Andrew Dawrant is not a spy. At 40, he is widely considered the top Chinese-English language interpreter working in China today, a position he has held for nearly a decade, and therefore probably the most important interpreter in the world. It has been a most unlikely journey for the Alberta native, a personal rise in tandem with China’s meteoric ascent to become the world’s second-largest economy, at a time when it has never been so important that the ideas of the Middle Kingdom are properly communicated to the West and that China correctly comprehends the responses of the English-speaking world. Mr. Dawrant stands at the crux of that dialogue.

High-level conference interpreting, as it is known, is one of the most stressful jobs in the world, like an aircraft controller’s. A good interpreter doesn’t simply regurgitate words in a different tongue; he constructs a linguistic narrative to re-express ideas, all in a matter of seconds. When Mr. Dawrant is interpreting for the American president on a Chinese visit, he must be up to speed on major issues and tensions in the two nations’ relations, not to mention any number of treaties, economic agreements, trade disputes or legal cases as well as important people and places that could be mentioned.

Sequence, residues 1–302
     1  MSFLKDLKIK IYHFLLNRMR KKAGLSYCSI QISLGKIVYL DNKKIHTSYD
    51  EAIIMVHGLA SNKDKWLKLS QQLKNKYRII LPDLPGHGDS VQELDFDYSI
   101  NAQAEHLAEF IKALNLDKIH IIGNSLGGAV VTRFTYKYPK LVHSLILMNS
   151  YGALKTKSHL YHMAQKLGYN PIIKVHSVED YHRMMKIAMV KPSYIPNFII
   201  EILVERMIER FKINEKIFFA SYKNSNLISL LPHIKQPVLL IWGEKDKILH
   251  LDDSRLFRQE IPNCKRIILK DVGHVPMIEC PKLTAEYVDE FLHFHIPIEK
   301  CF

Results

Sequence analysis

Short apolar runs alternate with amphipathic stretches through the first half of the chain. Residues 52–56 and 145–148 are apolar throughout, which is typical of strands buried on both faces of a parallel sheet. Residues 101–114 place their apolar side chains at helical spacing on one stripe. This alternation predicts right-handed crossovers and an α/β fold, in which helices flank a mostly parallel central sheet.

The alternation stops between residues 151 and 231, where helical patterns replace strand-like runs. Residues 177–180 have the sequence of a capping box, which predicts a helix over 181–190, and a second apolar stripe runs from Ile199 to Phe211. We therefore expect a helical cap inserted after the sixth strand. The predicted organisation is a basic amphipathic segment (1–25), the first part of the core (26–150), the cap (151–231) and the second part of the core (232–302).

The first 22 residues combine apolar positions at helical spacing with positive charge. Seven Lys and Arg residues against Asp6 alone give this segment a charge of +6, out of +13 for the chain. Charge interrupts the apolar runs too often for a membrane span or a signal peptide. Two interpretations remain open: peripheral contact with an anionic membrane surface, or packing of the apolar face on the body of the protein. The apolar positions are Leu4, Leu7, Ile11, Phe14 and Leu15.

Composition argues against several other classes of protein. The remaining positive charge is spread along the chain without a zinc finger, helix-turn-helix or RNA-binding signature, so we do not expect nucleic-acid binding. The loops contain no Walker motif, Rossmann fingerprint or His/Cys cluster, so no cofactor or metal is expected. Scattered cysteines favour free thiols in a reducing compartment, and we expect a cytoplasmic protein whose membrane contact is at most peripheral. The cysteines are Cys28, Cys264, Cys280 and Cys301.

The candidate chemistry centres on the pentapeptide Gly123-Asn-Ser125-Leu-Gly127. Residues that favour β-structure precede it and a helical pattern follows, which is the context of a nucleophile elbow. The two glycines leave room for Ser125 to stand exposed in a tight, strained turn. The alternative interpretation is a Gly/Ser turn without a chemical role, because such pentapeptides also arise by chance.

And the interpreter must be just as cognizant of what is not being discussed. “The tone between the lines is just as important,” Mr. Dawrant explains. “How will you know what is unspoken and what was expected to be said that was not said unless you went in fully informed and knowing the expectancies that preexisted around the meeting?”

And just as if he were a spy, a top interpreter must never share the intimate details of his encounters with world leaders, dignitaries and celebrities. If Mr. Dawrant were to reveal what Barack Obama was focusing on or concerned about before meeting with his Chinese counterpart Hu Jintao in Beijing in 2009, he would never work again. Read more.

See:  The Globa and Mail